Some of the songs on this album just appeared fully formed. ‘This Love’ in particular was written pretty soon after I had learnt of our grandmother’s death in New York, where Michele and I had grown up. I was heartbroken that I wasn’t there for her in those last days, especially as she had raised me as a little boy. I can clearly remember playing that opening triplet guitar figure, and the words and melody just came pouring out like they were always there. The same thing with ‘Which Way to Happy’, I remember the feeling of playing catch-up to what was coming out. Over the years I’ve learnt that it’s a very rare thing, songs appearing fully formed like that. It still surprises me when they do arrive like a memory of some kind. ‘Love’s a Game’ felt like it had always existed – in fact for a very long time I would ask people, ‘But does it remind you of anything?’ I remember playing ‘Forever Lost’ to the band, us rehearsing it and having fun with the arrangement, but I have no recollection of writing it.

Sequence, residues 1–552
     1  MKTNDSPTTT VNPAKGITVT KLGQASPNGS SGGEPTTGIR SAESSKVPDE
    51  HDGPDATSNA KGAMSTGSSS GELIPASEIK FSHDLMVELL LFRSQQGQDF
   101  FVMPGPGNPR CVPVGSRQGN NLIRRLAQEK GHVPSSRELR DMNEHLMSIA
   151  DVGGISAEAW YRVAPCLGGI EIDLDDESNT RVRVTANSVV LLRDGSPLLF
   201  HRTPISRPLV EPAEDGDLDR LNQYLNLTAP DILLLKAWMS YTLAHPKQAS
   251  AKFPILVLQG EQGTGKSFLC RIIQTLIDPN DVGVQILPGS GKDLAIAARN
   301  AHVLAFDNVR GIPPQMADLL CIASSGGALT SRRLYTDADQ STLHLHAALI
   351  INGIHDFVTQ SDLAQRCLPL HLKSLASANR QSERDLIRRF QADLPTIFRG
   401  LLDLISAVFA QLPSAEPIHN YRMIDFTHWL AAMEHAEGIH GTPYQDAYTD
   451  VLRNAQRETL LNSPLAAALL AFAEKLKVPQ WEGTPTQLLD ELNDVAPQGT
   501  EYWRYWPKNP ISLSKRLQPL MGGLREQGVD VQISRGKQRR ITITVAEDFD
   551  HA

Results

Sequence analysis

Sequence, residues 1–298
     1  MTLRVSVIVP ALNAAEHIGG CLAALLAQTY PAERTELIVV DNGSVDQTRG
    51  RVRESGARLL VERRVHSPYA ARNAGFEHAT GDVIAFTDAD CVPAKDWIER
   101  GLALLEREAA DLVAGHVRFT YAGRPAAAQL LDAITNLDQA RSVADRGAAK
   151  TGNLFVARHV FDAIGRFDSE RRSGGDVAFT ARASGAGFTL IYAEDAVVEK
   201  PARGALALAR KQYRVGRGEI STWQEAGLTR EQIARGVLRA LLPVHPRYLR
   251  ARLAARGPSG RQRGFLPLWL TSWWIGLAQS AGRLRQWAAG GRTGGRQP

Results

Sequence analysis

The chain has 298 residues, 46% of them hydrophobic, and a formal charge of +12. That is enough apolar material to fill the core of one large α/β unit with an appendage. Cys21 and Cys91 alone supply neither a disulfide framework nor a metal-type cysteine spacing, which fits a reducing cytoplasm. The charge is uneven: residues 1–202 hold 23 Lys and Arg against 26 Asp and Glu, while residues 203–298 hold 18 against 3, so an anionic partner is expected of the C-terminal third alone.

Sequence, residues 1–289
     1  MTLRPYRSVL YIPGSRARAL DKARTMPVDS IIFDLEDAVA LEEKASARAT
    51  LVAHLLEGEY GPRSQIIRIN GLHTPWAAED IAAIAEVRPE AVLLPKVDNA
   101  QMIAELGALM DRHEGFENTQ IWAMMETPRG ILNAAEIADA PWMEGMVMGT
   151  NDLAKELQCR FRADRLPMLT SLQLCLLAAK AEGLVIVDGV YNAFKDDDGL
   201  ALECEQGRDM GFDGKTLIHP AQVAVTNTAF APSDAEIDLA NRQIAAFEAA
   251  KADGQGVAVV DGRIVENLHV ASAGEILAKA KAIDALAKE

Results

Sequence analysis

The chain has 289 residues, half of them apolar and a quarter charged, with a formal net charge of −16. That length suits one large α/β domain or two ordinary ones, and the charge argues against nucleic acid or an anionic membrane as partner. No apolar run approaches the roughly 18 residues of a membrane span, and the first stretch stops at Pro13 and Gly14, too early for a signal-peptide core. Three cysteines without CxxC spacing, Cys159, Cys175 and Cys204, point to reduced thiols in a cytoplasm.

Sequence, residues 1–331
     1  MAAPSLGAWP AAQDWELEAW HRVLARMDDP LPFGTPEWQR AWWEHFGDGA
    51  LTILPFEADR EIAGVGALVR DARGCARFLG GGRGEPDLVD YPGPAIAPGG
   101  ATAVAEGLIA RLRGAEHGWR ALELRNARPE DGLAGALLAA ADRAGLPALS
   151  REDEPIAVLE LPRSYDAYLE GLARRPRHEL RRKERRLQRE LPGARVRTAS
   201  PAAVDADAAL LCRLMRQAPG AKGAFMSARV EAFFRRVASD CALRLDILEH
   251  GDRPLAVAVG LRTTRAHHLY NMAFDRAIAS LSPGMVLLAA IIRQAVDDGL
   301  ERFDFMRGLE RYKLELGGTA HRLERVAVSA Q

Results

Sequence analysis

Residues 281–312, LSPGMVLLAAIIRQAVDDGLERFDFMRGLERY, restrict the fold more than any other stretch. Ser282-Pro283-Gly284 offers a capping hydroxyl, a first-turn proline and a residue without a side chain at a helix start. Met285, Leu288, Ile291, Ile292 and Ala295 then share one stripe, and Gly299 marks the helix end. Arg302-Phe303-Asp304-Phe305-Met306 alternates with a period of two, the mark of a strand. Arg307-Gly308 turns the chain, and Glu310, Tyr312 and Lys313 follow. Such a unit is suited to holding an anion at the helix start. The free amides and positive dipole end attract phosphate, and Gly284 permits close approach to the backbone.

So many songs came from such sad places – the end of a long-term relationship, death in the family, feeling so lost and vulnerable, this yearning for something else, to be someone else – but I guess unknowingly we disguised it with harmonies and hooks. ‘Love Me Like You’ was definitely one of those. No one spoke of the meaning of the song when I first played it, we all just dived straight in and started having fun with hooks and skips in the rhythm. It was the baby of the bunch, as it was only written a few months before we began recording, whereas ‘Try’ was probably the eldest of almost two years. Then there’s the duet between Angie and myself ‘I See You, You See Me’. My mum and dad were arguing downstairs and I knew it would only be a matter of time before they would make up and laugh about how ridiculous they were both being. I based the song on that kind of love, one that sees through everything. Angela’s voice on that still melts my heart.